Five Ways (Some) Multitasking Can Work for You

Includes a Guest Infographic: How to Be Good at Multitasking

The concept of multi-tasking has gotten a bum rap. Articles such as this one are tell us that we are not as effective when we multi-task. We are being told to slow down, focus on one thing at a time, and not over-commit ourselves. That’s great advice–but it’s harder for some to implement than you think. What if your personality is one that thrives on having several things going at once and being fast paced? 

As a seasoned multi-tasker (seasoned meaning I’ve been doing it for a long time, not that it is always succcessful for me) I am challenged by this new wave of thinking (some call it “uni-tasking.”) However, I have my doubts that swinging the time management pendulum from one extreme to the other is the best way to go. I think there is a middle-ground that can be a healthy place.

The idea of multi-tasking is to have several things going on at once. The idea of single, or uni, tasking is to focus on one thing at a time. Let me pitch to you a compromise: complementary multi-tasking. This approach embraces doing two (or possibly more) things at once, but being intentional that they complement each other, not distract from one another. Common sense and safety are key components of this idea.

When you are planning your “to-do” list, ask yourself the following questions to see if you can apply complementary multi-tasking to your list. (For the sake of simplicity, we will consider planning two complementary tasks, although sometimes you could plan three or more.)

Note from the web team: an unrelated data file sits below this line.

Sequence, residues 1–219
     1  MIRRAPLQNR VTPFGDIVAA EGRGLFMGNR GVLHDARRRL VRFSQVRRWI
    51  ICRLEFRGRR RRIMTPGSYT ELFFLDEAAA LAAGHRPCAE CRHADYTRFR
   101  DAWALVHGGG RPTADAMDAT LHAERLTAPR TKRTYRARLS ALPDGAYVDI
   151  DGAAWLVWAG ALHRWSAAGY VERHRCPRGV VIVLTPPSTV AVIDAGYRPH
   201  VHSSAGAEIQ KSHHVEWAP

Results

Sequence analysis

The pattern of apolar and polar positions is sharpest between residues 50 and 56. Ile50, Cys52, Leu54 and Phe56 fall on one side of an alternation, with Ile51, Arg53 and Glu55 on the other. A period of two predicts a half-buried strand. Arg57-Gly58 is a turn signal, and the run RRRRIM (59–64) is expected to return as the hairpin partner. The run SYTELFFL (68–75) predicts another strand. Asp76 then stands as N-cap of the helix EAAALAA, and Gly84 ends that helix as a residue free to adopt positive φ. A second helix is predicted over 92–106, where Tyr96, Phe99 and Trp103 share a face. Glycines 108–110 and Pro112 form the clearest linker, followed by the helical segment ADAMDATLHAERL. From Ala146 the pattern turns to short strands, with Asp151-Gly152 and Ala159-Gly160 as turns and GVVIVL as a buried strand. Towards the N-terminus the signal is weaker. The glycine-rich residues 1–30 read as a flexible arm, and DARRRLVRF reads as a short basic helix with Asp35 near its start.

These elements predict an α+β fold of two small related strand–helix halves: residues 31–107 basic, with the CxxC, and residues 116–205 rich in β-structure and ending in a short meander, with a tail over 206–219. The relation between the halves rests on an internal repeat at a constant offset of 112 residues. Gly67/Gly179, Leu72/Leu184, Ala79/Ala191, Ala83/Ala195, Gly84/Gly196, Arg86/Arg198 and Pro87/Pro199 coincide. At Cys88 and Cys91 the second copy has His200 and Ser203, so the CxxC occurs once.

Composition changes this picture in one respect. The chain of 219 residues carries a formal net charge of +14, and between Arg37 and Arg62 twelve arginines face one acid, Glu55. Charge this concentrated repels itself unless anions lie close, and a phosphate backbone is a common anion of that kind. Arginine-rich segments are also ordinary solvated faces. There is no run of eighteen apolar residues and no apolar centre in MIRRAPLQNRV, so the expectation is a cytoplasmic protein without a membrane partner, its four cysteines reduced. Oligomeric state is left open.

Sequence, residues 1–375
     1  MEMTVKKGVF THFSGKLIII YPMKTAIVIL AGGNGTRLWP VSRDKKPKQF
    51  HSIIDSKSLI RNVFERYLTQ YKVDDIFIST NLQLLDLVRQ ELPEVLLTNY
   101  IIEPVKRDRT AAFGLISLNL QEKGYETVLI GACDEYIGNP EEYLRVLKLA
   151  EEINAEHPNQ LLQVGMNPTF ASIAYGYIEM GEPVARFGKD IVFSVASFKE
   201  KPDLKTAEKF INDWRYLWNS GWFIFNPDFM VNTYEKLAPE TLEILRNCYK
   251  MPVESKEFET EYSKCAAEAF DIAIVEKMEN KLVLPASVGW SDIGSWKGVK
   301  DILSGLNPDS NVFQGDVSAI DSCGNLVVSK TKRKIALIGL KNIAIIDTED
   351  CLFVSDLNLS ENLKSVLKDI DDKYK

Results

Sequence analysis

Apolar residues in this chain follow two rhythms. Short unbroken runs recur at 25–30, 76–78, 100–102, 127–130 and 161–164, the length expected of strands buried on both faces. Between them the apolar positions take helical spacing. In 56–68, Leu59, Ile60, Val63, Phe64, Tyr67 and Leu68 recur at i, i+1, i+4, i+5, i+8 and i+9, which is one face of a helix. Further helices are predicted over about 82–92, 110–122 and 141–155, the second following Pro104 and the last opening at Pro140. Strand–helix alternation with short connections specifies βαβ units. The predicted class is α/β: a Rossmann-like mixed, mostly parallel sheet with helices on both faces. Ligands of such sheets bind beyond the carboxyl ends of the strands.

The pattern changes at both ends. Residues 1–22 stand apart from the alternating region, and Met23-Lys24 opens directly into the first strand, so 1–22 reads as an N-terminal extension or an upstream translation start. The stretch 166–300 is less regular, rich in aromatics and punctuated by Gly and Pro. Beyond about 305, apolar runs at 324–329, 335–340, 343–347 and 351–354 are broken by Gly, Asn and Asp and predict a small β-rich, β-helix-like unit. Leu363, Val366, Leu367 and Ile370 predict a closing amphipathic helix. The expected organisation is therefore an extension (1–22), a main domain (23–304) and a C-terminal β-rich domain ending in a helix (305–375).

1. Are there two tasks that can be done in the same general vicinity? For example, making sandwiches for tomorrow’s lunch while waiting for water to boil for tonight’s spaghetti works better than leaving the kitchen to check email in another room.

2. Is one task relatively hands-off and one hands-on?  While a new software program is downloading, I can organize one drawer in my desk.

3. Can two things be going simultaneously, safely? My laundry can be drying while I work on a blog post.

4. Could I mix a mindless “task” opportunity with a “people” opportunity?  With the help of a phone earpiece, I can fold laundry while talking to a friend, which would be better than trying to answer email while also talking with her on the phone.

5. Will doing these two tasks at the same time add cause more mental fatigue or less?  Listening to a podcast or some music while cooking may help pass the time nicely, while trying to help your child with homework while also preparing a meal can become frustrating for both of you.

So before jumping on the bandwagon that all multi-tasking is ineffective or wrong, consider that complementary multi-tasking may be the way to accomplish two important tasks without driving yourself crazy.

Question: What are two tasks that you can do at the same time without misusing the idea of multi-tasking? Join the conversation by commenting!

 

My thanks to Gisele Navarro (@ichbingisele) for the infographic, originally seen here.  (If you receive this by email and cannot read the infographic well, click here.)

 

How-To-Be-Good-At-Multitasking

 

 

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Beth Beutler is the Executive Director of H.O.P.E. Unlimited, a small business offering collaborative virtual assistance and business soft skill education to Help Overwhelmed Professionals Excel. She has over 25 years experience in administrative assistance and office management, soft skills training, and writing.